A giant photo of Olympic silver medallist Annalise Murphy took centre stage when Irish Sailing unveiled its new High Performance HQ in Dun Laoghaire yesterday - but not the one you would expect.
The new training centre, which cost €300,000 and was funded by a philantropic group of benefactors called the Irish Sailing Foundation, is cleverly constructed, using three simple industrial shipping units to provide gym, coaching and storage areas.
Each unit is still portable and the coaching/debriefing block will be transported to Tokyo ahead of the 2020 Olympics where it will act as Ireland’s team HQ. The choice of image on its wall speaks volumes. It is not of Murphy celebrating in Rio 2016 but of her in tears, just moments after finishing fourth at London 2012. The image also includes a post-it note she wrote at the time which reads: ‘Not to fear losing but to see the opportunity to fight to win’.
Irish Sailing’s bid to make the most of its opportunities to fight and win are symbolised by this simple but inventive centre, which also includes a launching pontoon and boat storage, all on a site donated and shared with the Commissioners of Irish Lights. It is not only designed to make life easier, logistically, for Ireland’s elite sailing squad but to also foster their collective ambition and team spirit.
Ireland’s Head Coach Rory Fitzpatrick described it as “a major milestone for Irish performance sailing”. Annalise Murphy said: “For the first time we have a home, somewhere we can train, share experiences and focus as a group on how we can perform better. Our new HQ means we don’t need to rely on the nomadic overseas campaigns of the past.” Murphy, who took a year out after Rio to crew in the Round The World ocean race, also has a new team element to her own sailing.
After sailing solo for two Olympic campaigns, she’s now bidding to qualify in the 49er class with Katie Tingle (30). Tingle, from Douglas and a member of Royal Cork Yacht Club, never dreamed she would be part of this Olympic campaign. “Katie was a superstar when she was younger, sailed Optimist at U15 and was national champion three times, but when she moved to seniors she never had quite the right boat to sail,” said Murphy who approached Tingle when she heard, a year ago, that she was planning a career break from primary teaching in Greystones.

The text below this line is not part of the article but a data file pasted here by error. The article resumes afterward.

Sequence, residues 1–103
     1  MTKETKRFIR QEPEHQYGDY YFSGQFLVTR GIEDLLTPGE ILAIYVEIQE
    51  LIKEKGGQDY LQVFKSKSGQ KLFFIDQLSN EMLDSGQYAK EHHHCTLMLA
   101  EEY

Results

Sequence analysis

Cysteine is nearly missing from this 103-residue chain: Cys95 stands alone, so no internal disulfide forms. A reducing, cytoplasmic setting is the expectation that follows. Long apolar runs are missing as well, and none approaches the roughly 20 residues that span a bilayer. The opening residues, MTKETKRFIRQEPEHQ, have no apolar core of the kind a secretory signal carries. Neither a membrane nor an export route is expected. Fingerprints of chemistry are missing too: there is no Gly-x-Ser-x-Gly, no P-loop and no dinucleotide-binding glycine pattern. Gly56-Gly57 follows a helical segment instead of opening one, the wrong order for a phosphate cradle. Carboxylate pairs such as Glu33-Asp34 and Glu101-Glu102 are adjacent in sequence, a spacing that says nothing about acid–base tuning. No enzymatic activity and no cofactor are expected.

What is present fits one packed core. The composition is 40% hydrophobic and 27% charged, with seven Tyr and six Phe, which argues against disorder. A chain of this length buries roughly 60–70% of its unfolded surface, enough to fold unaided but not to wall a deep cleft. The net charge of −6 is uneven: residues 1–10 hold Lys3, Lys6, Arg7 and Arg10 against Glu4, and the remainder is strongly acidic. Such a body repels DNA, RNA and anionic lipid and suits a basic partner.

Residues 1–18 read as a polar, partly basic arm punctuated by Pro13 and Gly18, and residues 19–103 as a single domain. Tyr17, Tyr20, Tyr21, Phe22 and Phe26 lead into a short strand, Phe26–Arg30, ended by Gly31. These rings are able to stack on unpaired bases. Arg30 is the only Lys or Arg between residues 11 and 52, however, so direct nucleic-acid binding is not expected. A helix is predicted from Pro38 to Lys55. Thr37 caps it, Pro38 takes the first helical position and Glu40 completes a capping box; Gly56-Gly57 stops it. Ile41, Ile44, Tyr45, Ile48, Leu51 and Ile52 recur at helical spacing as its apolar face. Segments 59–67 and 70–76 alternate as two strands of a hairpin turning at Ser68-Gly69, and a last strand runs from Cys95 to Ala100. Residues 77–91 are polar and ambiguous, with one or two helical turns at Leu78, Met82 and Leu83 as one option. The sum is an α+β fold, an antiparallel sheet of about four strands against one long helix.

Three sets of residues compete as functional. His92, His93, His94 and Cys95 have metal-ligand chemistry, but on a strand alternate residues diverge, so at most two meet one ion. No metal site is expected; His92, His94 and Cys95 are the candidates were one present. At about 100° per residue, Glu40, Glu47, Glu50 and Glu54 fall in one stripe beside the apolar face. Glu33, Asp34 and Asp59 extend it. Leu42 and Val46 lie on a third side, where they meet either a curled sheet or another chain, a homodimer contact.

“I definitely had (Olympic) aspirations in school but I didn’t have anyone to sail with or at the right size,” said Tingle (5’2”). “I was friendly with Annalise so I knew what was involved. It’s not so much a learning curve as totally vertical! But the system is amazing. Straight away, I was able to access things like a nutritionist, a psychologist and the Institute of Sport.”
They suffered a setback last September when Tingle broke her arm badly during training, putting her out of the boat for four months, yet Murphy feels they have made up the necessary ground.
“Most athletes come back less fit after an injury but Katie came back fitter and, while she was rehabbing, I found a training partner locally, a 21-year-old boy who was absolutely fearless. In some ways, that’s what I needed because sailing the 49er can be scary, it is so different from a Laser.”
Their first competition - a World Cup in Genoa on April 14-21 - is eagerly anticipated but their big target, in December 2019 is the World Championships in New Zealand, where Olympic spots are up for grabs. Crosshaven’s Seafra Guilfoyle (22) also has high hopes of making Tokyo 2020. He has also gone from racing Lasers to a 49er, partnering Antrim’s Ryan Seaton, a two-time Olympian who was one half of the Irish 49er crew who made the medal race and finished 10th in Rio.